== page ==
In that Wizard of Oz is an adventure story, children pick right up on it. I was stunned when the characters get to that first ditch and my children all started pretending to hop over a ditch. This is two of them doing that,
The comradery of the characters and what they do as they go along the yellow brick road is just beyond endearing. It’s fun to see how each child reacts personally to this story. My first took to the lion during our first reading of it. Me, I took to the tin man: so worried he has no empathy that he shows respect to the nth degree to every creature he meets. My daughter, on this current reading, now nearly 8, took to the scarecrow. Her acting skills were killer as we read the story. My third took to the tin man–and this is 100% my youngest. He has always been that person who wants to save a cat stuck in a tree. How fun is it that the tin man gets a golden ax at the end!? And it’s more than fun to have someone spray you with an oil can to loosen up your joints.
To keep a young child with the story, I recommend telling them how many chapters there are in the book. This gives them a bearing on how far they are and lets them know they aren’t quite done yet. When I read this book, on the first day, I got to about chapter 6 with my children. I asked if they wanted to keep going and my youngest, the nearly six year old, who was keenly interested in what chapter we were on, said, “Yes! Keep going!” On the second day, we stopped reading and went out to dinner. On the way home I asked if they wanted to keep reading it when we got home. It was a resounding, “Yes!” And my kids are beyond excited to watch the movie again–but not until we finish the book: their decree! It was indeed neat for them to realize they remembered some of the scenes from the movie and here they were, in the book. In the late fives, a child can not only notice how the book relates to the movie but that they are relating the book to the movie. In short, it makes them feel uber-smart.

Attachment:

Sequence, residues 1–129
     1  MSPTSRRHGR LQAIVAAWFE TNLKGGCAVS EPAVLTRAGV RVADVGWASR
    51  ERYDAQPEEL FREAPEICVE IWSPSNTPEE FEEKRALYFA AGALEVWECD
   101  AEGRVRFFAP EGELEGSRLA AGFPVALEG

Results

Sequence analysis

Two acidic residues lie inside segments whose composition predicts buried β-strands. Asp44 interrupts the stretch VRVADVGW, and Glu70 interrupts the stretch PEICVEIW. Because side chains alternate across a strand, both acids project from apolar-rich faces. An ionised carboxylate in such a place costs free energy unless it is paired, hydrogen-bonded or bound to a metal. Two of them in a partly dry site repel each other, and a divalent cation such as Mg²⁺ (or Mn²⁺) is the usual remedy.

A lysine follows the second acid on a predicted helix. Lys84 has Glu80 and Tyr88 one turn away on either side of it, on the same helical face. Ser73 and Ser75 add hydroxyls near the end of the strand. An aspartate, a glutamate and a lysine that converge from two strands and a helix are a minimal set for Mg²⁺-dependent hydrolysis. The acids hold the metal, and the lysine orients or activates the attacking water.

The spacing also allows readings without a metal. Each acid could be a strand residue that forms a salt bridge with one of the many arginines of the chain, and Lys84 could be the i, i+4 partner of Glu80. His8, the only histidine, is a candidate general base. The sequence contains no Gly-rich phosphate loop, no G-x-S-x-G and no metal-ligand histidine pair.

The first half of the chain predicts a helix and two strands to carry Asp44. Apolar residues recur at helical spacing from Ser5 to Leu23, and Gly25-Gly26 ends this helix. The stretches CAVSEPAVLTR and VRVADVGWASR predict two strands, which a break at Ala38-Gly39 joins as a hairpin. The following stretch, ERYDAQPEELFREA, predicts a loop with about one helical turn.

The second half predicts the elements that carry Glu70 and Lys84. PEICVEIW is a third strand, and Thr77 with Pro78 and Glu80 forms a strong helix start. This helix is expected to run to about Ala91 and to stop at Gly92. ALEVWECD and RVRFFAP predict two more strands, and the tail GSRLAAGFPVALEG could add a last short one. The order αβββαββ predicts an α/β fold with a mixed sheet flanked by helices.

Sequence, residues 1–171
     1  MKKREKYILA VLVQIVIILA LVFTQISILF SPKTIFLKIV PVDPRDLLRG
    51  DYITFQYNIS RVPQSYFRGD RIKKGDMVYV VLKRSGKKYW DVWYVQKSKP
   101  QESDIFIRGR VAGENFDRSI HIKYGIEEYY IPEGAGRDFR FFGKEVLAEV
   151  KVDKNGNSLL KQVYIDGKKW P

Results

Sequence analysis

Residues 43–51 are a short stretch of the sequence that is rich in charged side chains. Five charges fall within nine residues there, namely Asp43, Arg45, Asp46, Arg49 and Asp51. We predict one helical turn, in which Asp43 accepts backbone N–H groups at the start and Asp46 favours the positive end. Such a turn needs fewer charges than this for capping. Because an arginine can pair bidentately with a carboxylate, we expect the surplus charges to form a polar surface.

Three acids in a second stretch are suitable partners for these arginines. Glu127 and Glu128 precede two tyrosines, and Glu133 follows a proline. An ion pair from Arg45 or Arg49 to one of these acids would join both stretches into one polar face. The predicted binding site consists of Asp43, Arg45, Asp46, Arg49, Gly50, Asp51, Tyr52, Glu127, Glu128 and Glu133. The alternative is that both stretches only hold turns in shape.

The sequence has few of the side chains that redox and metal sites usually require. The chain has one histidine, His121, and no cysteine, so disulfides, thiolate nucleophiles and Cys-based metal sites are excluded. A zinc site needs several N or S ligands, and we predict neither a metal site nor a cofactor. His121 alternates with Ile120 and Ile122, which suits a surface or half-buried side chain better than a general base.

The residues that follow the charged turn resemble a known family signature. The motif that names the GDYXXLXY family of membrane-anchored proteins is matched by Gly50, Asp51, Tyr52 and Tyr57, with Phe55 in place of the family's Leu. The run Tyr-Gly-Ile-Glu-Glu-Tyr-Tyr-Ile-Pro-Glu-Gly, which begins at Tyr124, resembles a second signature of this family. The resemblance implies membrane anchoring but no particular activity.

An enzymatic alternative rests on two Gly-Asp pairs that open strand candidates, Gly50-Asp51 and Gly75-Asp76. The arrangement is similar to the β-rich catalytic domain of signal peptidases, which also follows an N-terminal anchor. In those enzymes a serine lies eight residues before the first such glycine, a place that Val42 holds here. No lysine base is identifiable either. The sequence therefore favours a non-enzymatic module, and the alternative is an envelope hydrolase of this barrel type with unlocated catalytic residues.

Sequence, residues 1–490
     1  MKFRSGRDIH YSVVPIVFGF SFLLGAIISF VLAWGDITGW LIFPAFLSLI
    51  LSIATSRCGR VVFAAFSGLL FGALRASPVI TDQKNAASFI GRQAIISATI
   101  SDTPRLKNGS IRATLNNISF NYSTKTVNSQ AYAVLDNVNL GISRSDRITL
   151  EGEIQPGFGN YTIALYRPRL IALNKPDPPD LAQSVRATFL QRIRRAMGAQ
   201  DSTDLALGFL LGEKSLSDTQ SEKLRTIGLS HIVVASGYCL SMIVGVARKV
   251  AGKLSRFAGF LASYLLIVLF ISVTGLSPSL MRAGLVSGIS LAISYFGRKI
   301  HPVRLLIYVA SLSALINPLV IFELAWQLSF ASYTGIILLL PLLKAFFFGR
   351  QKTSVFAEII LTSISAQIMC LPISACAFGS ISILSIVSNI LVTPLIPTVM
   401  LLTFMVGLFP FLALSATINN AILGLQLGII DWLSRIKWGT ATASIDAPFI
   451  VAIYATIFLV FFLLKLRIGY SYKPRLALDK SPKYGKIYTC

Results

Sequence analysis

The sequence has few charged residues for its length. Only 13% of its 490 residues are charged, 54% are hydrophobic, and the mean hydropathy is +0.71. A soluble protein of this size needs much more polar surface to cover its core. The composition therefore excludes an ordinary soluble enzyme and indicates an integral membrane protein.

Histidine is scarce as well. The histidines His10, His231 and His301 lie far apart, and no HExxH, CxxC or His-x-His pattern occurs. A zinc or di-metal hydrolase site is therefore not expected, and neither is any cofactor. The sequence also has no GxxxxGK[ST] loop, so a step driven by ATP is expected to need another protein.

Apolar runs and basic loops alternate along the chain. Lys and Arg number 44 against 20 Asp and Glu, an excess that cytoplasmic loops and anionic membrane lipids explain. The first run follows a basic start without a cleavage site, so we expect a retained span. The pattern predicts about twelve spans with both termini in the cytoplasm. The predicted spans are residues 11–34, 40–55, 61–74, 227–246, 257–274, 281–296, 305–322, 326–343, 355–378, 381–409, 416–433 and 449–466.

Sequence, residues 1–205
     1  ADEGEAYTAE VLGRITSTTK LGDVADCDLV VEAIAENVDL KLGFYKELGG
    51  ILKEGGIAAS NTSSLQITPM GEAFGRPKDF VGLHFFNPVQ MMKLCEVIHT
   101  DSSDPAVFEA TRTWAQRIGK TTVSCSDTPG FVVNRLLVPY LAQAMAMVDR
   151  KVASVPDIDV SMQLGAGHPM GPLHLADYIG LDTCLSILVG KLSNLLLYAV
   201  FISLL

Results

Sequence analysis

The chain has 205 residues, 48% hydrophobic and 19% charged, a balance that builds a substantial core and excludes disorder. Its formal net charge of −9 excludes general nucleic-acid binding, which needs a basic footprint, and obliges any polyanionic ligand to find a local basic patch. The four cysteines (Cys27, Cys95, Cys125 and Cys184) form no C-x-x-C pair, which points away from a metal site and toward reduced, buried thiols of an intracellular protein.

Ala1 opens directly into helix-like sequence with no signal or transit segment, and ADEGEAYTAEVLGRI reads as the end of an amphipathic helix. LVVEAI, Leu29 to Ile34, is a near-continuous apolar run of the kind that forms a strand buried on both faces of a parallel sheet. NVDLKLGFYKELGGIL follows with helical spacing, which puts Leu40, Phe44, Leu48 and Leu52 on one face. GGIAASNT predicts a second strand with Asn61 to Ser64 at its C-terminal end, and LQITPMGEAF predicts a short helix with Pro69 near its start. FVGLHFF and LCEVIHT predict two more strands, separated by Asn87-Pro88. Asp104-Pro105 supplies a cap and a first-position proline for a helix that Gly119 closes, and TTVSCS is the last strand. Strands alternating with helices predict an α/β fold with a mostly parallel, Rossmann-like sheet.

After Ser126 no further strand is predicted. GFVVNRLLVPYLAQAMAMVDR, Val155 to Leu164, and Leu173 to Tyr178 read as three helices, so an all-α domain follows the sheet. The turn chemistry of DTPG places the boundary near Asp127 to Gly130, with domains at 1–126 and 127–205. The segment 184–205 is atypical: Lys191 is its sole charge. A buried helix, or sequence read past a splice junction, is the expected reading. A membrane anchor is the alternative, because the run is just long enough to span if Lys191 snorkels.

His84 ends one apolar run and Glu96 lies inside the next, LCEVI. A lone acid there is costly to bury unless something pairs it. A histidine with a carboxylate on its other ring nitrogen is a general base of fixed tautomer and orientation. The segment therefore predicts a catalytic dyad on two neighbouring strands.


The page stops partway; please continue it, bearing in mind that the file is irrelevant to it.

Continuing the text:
I wanted to make some notes too that Wizard of Oz is several ancient legends in one. When Oz, for instance, makes the characters go kill the witch before being granted brains, a heart, or courage, this is an ancient legend. The oracle tells you to go on a journey to get what you want–but the experience itself was the “prize” to be won. The Wicked Witch of the West is Baba Yaga again, enslaving people and young Dorothy, who doesn’t realize her power yet–just like Cinderella and others. Dorothy has a kiss from the good witch, making her protected from all evil. I’ve always felt this intuitively: divine missions get divine protection. And, yes: YOU had the power the whole time. You didn’t need a big bad powerful man, “Oz” to give it to you. That they even asked made it that much harder on them.
Want to whisk children away into a whimsical adventure story that enchants and inspires? Enter the world of the genius of L. Frank Baum.